H1N1 Swine Flu (2009 Influenza Pandemic)

H1N1 Swine Flu (2009 Influenza Pandemic, 2009 Flu Pandemic)

The H1N1 swine flu or 2009 flu pandemic was an influenza pandemic, and the second of the two pandemics involving H1N1 influenza virus (the first of them was the 1918 flu pandemic), albeit in a new version. First described in April 2009, the virus appeared to be a new strain of H1N1 which resulted when a previous triple reassortment of bird, swine and human flu viruses further combined with a Eurasian pig flu virus, leading to the term "H1N1 swine flu" to be used for this pandemic. The 2009 flu pandemic (H1N1 swine flu) was one of the famous influenza pandemics in history. Unlike most strains of influenza, H1N1 does not disproportionately infect adults older than 60 years; this was an unusual and characteristic feature of the H1N1 pandemic. The 2009 pandemic influenza H1N1 (Novel Influenza A H1N1) Hemagglutinin (HA) proteins and antibodies were the main research tools for this influenza pandemic.


H1N1 Swine Flu History

The phylogenetic origin of the flu virus that caused the 2009 influenza pandemic can be traced before 1918. Around 1918, the ancestral virus, of avian origin, crossed the species boundaries and infected humans as human H1N1. The same phenomenon took place soon after in America, where the human virus was infecting pigs; it led to the emergence of the H1N1 swine strain, which later became the classic H1N1 swine flu.

New events of reassortment were not reported until 1968, when the avian strain H1N1 infected humans again; this time the virus met the strain H2N2, and the reassortment originated the strain H3N2. This strain has remained as a stable flu strain until now.

The mid-1970s were important for the evolution of flu strains. First, the re-emergence of the human H1N1 strain became a seasonal strain. Then, a small outbreak of swine H1N1 occurred in humans, and finally, the human H2N2 strain apparently became extinct. Around 1979, the avian H1N1 strain infected pigs and gave rise to Euroasiatic H1N1 swine flu and H1N1 Euroasiatic swine virus, which is still being transmitted in swine populations.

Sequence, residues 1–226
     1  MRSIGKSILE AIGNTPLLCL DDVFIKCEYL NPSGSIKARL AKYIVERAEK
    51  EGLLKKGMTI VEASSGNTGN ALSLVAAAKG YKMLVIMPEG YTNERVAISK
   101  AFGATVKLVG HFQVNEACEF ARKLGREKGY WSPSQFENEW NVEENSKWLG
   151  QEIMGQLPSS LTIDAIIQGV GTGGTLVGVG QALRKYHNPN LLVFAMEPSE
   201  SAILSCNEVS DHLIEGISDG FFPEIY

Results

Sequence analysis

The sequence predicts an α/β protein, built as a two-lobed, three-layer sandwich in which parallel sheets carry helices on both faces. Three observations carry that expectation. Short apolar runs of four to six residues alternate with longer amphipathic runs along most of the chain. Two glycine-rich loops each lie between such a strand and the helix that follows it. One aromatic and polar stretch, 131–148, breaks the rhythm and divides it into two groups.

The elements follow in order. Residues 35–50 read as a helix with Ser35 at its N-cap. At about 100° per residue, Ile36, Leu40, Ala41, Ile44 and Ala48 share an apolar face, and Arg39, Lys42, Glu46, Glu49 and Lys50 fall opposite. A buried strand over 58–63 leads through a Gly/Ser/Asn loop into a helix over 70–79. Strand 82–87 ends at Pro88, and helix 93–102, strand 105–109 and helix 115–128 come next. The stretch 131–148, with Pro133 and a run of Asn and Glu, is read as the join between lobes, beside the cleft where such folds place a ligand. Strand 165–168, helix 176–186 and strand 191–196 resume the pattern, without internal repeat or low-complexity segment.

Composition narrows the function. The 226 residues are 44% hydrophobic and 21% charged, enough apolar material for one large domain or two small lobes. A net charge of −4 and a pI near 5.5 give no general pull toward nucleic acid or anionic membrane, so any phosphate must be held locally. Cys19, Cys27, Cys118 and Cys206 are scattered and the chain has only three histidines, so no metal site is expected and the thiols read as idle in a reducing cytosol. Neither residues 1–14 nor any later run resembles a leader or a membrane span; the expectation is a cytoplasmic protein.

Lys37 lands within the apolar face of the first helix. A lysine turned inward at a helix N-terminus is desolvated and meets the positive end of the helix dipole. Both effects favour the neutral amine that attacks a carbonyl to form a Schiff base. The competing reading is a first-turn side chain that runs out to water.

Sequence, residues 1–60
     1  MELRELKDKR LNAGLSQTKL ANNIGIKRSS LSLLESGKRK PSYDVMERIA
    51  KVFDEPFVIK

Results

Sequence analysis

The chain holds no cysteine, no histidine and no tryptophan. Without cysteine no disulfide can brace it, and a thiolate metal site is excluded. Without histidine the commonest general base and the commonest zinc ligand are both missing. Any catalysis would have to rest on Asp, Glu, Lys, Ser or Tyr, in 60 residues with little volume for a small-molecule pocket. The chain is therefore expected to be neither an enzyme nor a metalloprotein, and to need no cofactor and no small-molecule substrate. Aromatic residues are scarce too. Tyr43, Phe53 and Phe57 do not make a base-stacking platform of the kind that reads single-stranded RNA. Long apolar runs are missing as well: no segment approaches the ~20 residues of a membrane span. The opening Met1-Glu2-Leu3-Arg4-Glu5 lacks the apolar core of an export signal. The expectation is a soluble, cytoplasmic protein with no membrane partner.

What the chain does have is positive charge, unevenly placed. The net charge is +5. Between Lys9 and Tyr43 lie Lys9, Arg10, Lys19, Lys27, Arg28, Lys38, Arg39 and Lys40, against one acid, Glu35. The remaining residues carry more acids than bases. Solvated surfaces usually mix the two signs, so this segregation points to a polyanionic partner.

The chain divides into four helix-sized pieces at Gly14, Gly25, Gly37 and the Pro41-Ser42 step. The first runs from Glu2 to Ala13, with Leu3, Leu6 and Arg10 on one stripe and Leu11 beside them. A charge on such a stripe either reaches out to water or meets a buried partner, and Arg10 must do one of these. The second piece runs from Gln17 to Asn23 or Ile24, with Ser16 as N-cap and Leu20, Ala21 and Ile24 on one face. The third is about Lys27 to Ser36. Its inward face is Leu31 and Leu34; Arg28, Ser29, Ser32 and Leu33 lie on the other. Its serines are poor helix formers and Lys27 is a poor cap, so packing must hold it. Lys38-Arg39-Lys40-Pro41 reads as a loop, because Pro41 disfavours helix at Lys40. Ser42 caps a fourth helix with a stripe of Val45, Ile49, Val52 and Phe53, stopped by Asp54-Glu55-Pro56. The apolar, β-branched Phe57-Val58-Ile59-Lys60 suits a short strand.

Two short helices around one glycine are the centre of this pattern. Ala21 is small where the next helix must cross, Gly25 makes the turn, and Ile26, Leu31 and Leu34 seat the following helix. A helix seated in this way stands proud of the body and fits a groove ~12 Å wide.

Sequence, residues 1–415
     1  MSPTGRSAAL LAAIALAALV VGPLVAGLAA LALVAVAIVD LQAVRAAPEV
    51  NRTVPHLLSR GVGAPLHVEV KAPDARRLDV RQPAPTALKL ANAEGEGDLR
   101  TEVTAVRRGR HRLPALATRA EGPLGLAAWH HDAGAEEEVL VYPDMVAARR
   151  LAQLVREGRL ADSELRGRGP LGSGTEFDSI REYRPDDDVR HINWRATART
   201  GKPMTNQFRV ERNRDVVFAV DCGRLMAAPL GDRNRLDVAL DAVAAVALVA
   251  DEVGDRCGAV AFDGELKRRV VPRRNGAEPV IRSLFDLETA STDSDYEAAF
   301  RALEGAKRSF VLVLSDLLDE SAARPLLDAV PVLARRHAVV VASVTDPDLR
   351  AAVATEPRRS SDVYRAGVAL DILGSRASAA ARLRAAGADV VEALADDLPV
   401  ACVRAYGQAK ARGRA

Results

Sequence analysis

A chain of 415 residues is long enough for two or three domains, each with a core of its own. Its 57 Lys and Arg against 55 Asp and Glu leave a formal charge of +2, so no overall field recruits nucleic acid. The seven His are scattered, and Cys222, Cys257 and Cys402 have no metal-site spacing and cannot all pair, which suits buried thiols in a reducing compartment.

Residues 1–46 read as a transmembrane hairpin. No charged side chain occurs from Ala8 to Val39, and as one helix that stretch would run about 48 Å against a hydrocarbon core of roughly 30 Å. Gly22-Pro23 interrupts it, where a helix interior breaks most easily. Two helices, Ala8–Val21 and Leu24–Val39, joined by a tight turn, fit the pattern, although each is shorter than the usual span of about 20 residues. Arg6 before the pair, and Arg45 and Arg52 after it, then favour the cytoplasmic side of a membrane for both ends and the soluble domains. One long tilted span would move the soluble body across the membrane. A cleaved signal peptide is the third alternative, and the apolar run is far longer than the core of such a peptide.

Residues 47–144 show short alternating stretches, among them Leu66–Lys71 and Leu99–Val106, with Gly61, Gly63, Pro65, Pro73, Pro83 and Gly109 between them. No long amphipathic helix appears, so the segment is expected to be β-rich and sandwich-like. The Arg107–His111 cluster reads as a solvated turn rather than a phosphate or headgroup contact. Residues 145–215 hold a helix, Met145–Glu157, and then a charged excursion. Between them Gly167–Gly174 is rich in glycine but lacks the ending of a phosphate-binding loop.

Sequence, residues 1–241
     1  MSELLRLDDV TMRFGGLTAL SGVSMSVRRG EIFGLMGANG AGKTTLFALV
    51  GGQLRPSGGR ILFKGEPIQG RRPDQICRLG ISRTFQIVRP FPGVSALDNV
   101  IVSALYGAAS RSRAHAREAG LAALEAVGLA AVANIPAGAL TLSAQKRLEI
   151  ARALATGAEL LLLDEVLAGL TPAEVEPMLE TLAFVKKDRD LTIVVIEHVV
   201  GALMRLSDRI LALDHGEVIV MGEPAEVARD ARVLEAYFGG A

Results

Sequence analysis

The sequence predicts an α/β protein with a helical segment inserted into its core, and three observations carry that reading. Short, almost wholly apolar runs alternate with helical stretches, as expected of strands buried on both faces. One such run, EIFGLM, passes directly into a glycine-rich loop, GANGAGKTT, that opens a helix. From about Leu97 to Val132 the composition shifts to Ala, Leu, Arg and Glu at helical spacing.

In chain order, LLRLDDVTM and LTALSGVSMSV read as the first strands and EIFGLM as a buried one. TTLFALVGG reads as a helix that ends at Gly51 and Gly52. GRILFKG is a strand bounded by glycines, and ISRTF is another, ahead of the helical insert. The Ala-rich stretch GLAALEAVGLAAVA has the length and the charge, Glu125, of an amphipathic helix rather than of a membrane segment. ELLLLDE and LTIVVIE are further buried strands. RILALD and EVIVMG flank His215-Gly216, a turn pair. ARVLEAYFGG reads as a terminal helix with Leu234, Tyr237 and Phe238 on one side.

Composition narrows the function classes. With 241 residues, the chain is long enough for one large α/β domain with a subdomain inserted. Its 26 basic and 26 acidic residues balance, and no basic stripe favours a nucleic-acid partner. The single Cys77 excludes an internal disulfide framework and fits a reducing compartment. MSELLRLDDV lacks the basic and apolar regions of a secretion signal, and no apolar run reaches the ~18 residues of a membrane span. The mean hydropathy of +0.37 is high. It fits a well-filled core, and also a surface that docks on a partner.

The critical moment for the 2009 outbreak was between 1990 and 1993. A triple reassortment event in a pig host of North American H1N1 swine virus, the human H3N2 virus and avian H1N1 virus generated the swine H1N2 strain. Finally, the last step in S-OIV history was in 2009, when the virus H1N2 co-infected a human host at the same time as the Euroasiatic H1N1 swine strain. This led to the emergence of a new human H1N1 strain, which caused the 2009 pandemic.

On June 11, 2009, the World Health Organization raised the worldwide pandemic alert level to Phase 6 for H1N1 swine flu, which is the highest alert level. This alert level means that the H1N1 swine flu had spread worldwide and there were cases of people with the virus in most countries. The pandemic level identifies the spread of the disease or virus and not necessarily the severity of the disease.

H1N1 Swine Flu Symptoms

According to the Centers for Disease Control and Prevention (CDC), in humans the symptoms of the 2009 "H1N1 swine flu" H1N1 virus are similar to those of influenza and of influenza-like illness in general. Symptoms include fever, cough, sore throat, body aches, headache, chills and fatigue. The 2009 outbreak has shown an increased percentage of patients reporting diarrhea and vomiting. The 2009 H1N1 virus is not zoonotic H1N1 swine flu, as it is not transmitted from pigs to humans, but from person to person. Because these symptoms are not specific to H1N1 swine flu, a differential diagnosis of probable H1N1 swine flu requires not only symptoms, but also a high likelihood of H1N1 swine flu due to the person's recent history. For example, during the 2009 H1N1 swine flu outbreak in the United States, the CDC advised physicians to "consider swine influenza infection in the differential diagnosis of patients with acute febrile respiratory illness who have either been in contact with persons with confirmed H1N1 swine flu, or who were in one of the five U.S. states that have reported H1N1 swine flu cases or in Mexico during the seven days preceding their illness onset." A diagnosis of confirmed H1N1 swine flu requires laboratory testing of a respiratory sample (a simple nose and throat swab).

H1N1 Swine Flu Deaths

The most common cause of H1N1 swine flu death is respiratory failure. Other causes of death are pneumonia (leading to sepsis), high fever (leading to neurological problems), dehydration (from excessive vomiting and diarrhea), electrolyte imbalance and kidney failure. Fatalities are more likely in young children and the elderly.

The total data of 2009 flu (H1N1 swine flu) pandemic deaths is 14,286 from ECDC, and 18,036 from WHO.

Worldwide Influenza Pandemics

Pandemic Influenza Outbreak-Finish Time Death toll Subtype involved
Russian Flu 1889–1890 1 million possibly H2N2
Spanish Flu 1918–1920 50 million H1N1
Asian Flu 1957–1958 1.5 to 2 million H2N2
Hong Kong Flu 1968–1969 1 million H3N2
Swine Flu 2009–2010 over 18,209 novel H1N1